Disconnect to connect

Updated: Aug 16

From the book ‘Lost Connections’ by Johann Hari we learnt that the way we live, our way of thinking, along with our biology, influences experiencing depression and anxiety levels that we see in today’s society. What we wanted to share with you, is the science behind why we need nature as part of the a solution to offer hope, aid or help with preventing the depressive and anxious states we, a friend or family member may be experiencing. Thankfully, there has been a bigger emphasis on mental health, and slowly there is less stigma and more confidence in talking about this subject with movements such as ‘Are you ok?’ . With this in mind, we want to share with you research to get you thinking ‘how much nature do I have in my life?’ and ‘Could I add more to help myself or someone else’s mental health?’ We’ll also be sharing some ideas on fun and easy ways you can incorporate more nature in your life.


As an Evolutionary Biologists at Oxford University, Isabel Behncke studies the way of human nature. One of her research pieces was studying baboons; those that resided in zoos and in their natural habitat. Interestingly, the behaviour observed by baboons in zoos that was viewed as ‘normal’ turned out to be significantly abnormal when comparing to those in the rainforest.


In the baboon community there is a clear hierarchy where there is a pack leader who can be challenged at any moment and unfortunately there is also the lower status of baboons in the pack. The baboons at the lower levels get picked on, get the least amount of food and get bullied physically. It’s common to see these baboons scratch themselves and stare aimlessly outwards when sitting with a group, and further, they stop grooming themselves and refuse for others to do so. At this status level, baboons are clearly in a depressed state. When comparing this group with baboons in the wild, the key difference is the level of depression these baboons get to. In the wild there’s a limit, in zoos, there is no limit to how deeply depressed a baboon can feel. Externally this is seen through scratching until they bled, howling and rocking uncontrollably.


Beyond baboons, this excessive depressive behaviour has also been viewed in parrots, horses and elephants held in captivity who are in a significantly more depressive state compared to the same animals in the wild.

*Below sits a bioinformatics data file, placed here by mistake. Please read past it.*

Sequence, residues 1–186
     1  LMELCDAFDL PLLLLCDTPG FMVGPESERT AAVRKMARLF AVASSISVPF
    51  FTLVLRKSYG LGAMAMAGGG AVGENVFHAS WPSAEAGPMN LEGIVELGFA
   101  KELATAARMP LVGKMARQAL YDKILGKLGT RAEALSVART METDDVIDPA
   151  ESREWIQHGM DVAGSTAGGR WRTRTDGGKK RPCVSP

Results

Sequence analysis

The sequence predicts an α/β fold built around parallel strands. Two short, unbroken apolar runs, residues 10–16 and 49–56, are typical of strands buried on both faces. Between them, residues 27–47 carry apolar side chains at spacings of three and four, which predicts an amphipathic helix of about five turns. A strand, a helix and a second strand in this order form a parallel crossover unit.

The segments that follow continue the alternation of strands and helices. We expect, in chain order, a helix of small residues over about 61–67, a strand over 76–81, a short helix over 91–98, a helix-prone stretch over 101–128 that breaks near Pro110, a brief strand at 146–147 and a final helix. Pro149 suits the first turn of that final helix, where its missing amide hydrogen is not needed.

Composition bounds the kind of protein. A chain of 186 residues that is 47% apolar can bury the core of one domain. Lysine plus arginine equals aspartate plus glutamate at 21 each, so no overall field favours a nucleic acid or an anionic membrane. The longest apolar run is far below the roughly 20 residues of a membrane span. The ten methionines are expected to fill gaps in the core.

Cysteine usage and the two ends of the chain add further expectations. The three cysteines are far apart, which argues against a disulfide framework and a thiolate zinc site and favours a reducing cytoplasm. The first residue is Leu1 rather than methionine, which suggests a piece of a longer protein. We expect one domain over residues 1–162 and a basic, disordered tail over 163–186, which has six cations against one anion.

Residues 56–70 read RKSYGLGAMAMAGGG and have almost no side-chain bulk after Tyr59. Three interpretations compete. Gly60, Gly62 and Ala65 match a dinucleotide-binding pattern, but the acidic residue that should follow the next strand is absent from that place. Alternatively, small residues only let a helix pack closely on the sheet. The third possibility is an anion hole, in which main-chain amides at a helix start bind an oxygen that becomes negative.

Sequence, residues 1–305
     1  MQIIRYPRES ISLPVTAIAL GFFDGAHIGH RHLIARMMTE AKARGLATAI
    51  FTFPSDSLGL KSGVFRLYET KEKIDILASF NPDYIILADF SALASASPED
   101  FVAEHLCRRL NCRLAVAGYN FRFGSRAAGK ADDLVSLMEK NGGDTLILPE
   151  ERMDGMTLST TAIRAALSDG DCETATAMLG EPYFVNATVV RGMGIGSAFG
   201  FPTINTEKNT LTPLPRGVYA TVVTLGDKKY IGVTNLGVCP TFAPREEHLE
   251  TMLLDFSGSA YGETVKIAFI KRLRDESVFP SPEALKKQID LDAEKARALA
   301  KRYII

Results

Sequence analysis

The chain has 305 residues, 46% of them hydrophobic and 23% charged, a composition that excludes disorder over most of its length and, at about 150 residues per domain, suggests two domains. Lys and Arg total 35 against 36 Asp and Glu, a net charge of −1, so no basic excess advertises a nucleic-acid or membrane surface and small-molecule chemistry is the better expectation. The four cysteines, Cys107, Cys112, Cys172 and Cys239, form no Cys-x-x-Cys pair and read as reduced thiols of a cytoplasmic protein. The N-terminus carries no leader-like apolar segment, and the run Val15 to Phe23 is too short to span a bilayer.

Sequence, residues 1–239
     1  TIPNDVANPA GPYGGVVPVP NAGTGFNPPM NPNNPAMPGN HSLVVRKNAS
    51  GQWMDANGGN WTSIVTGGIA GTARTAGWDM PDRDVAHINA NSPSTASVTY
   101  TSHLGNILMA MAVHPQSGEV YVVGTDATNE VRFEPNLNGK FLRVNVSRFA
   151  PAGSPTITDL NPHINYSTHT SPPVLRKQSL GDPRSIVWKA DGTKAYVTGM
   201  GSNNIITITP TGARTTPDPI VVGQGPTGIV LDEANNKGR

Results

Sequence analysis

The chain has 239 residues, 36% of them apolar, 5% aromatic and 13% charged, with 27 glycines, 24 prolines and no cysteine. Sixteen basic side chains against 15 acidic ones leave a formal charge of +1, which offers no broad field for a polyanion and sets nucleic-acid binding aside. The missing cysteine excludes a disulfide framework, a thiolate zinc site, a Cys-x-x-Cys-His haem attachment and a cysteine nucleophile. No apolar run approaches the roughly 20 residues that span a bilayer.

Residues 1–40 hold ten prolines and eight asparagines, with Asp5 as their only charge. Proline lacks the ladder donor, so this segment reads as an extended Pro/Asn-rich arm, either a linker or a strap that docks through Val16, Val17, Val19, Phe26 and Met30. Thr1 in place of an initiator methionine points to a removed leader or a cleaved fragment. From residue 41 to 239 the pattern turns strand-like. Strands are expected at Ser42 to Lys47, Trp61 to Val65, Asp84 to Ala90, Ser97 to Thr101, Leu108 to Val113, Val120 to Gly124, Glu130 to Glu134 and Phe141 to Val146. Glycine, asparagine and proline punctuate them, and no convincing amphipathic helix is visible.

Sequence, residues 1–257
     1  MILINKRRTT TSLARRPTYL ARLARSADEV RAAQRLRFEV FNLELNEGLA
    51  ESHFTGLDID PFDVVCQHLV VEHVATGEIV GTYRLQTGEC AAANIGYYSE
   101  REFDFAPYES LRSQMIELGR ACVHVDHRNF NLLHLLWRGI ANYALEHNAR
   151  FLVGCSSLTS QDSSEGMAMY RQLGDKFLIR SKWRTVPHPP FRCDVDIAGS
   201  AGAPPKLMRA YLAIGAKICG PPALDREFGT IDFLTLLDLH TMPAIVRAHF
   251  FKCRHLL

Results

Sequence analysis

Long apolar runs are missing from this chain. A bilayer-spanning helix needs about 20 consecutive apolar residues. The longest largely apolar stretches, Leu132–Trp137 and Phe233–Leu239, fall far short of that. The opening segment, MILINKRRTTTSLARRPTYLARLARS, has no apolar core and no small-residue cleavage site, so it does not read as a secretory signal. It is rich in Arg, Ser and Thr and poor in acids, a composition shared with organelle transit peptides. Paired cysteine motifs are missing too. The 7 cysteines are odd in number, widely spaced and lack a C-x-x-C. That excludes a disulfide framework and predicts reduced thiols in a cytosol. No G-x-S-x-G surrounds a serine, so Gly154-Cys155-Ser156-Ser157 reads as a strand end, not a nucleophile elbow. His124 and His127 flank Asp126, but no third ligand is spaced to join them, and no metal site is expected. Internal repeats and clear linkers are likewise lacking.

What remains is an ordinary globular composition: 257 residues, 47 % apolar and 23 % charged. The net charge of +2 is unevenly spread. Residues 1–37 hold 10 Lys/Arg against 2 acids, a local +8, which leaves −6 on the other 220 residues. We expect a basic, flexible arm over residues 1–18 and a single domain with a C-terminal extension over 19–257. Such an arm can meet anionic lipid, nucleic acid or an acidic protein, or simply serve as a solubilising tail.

The simple learning for us here is that a change in environment is key to shift a change in behaviour and the level of depression one can get to.


Another study looked at humans in two types of households; those who moved out from leafy green rural areas and those who moved from cities to leafy green rural areas. These areas were similar in terms of community, crime rates and other factors. The key finding was that there was more stress and despair in cities compared to rural areas.



It’s very clear to see how nature plays an important role in our mental health. Some of us may not be as comfortable with getting out into nature because we don’t know where to go, or feel that there is a lot of effort in organising the trip. However, knowing that being in nature is a free, activity based way to support your mental health, that doesn’t require any involvement of a professional, would you agree that it’s worth the effort?


Some of us may be reading this and already investing time for activities in nature; be it going on hikes, walks around the park, camping, seeking any opportunity to hit the beach; this is great! now you can feel even better when you fill your weekend with nature instead of being locked in doors. You may also feel like you have a natural inclination for being outdoors, a term that is called ‘biophillia’ which is a love for the land that supports our existence. What a beautiful thing to be entranced with!


But if you are stuck and are looking to add more nature into your life, or you’re looking for a few more ideas on how you can include nature in your everyday life, here are a few suggestions we can share with you:

  • Change your commute or walking route to go through a park

  • Swap an indoor workout or treadmill run for an outdoor walk

  • Organise a hike with friends

  • Go for a walk instead of a coffee date when catching up

  • Hit the beach - we're spoilt for choice!

  • Yearly camping trip with a group of friends or family - could you start the What's App group today?


Melbourne based?

  • 1000 steps

  • Werribee Gorge

  • Dandenong Ranges


Vic based?

  • The Grampians

  • Wilsons Promontory

  • Macedon Ranges

It will be key to:

  • Plan in advance

  • Make a pack with a friend to do ‘active catch ups’

  • Find an ‘active group’ and commit to a hike every second month


Looking for something easy?

  • Get a terrarium

  • Grab a plant at home

  • Change your screen savers (phone, computer etc.) to nature scenery or hang up a portrait of a natural landscape - just looking at nature has shown to have benefits!